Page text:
# L32 - Hand Examples Fall 2003 Math 308/501502 3...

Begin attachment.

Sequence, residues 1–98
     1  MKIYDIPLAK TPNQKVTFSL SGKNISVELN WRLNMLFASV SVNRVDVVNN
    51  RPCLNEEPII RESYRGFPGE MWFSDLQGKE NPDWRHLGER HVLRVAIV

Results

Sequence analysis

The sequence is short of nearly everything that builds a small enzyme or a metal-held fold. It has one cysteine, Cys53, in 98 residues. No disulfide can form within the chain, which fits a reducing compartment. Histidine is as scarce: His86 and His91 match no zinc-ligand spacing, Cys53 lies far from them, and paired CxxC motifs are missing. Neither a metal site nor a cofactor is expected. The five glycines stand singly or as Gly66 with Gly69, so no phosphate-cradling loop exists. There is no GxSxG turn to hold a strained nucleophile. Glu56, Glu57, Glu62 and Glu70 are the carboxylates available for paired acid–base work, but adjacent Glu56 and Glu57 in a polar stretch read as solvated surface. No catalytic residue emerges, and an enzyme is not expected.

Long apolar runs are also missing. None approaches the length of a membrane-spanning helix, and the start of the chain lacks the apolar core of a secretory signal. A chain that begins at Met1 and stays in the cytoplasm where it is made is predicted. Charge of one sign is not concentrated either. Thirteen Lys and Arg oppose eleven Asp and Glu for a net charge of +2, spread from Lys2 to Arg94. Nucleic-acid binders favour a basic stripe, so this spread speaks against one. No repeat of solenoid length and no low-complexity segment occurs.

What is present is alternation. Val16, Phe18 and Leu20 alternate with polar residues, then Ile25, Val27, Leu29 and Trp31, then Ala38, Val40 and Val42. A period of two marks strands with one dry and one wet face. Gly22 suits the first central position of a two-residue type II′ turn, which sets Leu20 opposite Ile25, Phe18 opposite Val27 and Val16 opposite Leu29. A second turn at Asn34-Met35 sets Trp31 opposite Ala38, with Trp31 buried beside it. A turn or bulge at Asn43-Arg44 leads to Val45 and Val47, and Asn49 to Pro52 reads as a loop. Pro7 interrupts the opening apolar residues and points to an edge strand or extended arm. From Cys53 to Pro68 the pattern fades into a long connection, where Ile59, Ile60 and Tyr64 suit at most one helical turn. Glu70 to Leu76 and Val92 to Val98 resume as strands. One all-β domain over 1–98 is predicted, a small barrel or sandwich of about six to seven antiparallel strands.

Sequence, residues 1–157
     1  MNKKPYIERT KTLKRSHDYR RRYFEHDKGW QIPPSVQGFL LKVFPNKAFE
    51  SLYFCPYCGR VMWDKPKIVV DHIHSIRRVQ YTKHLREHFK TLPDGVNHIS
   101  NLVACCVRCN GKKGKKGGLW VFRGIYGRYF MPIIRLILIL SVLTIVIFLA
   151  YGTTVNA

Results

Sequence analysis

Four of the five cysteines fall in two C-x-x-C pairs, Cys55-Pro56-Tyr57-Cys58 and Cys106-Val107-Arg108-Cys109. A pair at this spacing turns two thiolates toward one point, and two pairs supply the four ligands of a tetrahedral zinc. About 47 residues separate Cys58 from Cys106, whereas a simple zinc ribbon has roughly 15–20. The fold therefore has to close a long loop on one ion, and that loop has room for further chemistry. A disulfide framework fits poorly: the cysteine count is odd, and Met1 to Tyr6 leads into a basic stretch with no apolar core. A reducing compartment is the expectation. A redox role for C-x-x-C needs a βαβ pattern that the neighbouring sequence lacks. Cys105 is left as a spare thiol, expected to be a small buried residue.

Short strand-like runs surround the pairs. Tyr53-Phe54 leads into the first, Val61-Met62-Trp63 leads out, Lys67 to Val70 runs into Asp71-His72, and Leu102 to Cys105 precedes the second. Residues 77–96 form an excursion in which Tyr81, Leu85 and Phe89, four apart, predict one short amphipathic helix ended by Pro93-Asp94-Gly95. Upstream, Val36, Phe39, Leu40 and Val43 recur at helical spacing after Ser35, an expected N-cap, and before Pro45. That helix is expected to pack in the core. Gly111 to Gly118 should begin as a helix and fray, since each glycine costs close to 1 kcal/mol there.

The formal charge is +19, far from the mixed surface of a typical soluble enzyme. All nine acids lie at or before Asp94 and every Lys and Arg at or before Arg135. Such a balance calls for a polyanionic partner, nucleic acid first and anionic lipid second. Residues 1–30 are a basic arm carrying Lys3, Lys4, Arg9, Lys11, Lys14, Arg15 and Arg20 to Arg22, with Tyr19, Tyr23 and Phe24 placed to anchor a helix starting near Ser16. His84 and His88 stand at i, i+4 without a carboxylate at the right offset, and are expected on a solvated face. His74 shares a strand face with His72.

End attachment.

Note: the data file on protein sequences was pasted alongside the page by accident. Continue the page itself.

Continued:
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Fall 2003 Math 308/501–502 3 Mathematical Models 3.2 Compartmental Analysis Mon, 15/Sep c 2003, Art Belmonte Summary Mixing Problems Mixing problems deal with the amount x ( t ) of a substance in solution in a tank. The solution may be a salt solution, sugar solution, blood, etc. Our starting point is the classical balance law, which says that net rate = rate in - rate out dx dt = rate in - rate out where the rates are given as flow rate × concentration. Malthusian Population Model A population p , initially of size p 0 , whose rate of change is given by p 0 = kp , experiences exponential growth: p ( t ) = p 0 e kt . The parameter k is a positive constant called the reproductive rate . This model assumes that there is no limit on food or space in the population’s environment. Logistic Population Model If there are limits on food and/or space, another model for a population p , initially of size p 0 , is to assume the rate of growth is given by p 0 = - Ap ( p - p 1 ) . Here the parameters A and p 1 (the carrying capactity ) are positive constants. Solving for p gives p ( t ) = p 0 p 1 p 0 + ( p 1 - p 0 ) e - Ap 1 t . The parameter A is determined by the population’s birth and death rates as well as by environmental factors. As t → ∞ , we see that p ( t ) p 1 . In other words, the carrying capacity is the limiting population. Evaluation of parameters Using experimental data (measuring the population at various times), we may determine numerical values of the parameters involved in the models. This may involve algebra, linear regression, and/or the method of least squares. Fortunately, MATLAB and/or calculators assist us in this regard. Hand Examples Example A A tank initially contains 100 gal of a salt-water solution containing 0 . 05 = 1 20 lb of salt for each gallon of water. At time zero, pure water [containing no salt] is poured into the tank at a flow rate of 2 gal per minute. Simultaneously, a drain is opened at the bottom of the tank that allows salt-water solution to leave the tank at a flow rate of 3 gal per minute. What will be the salt content in the tank when precisely 50 gal of salt solution remain?

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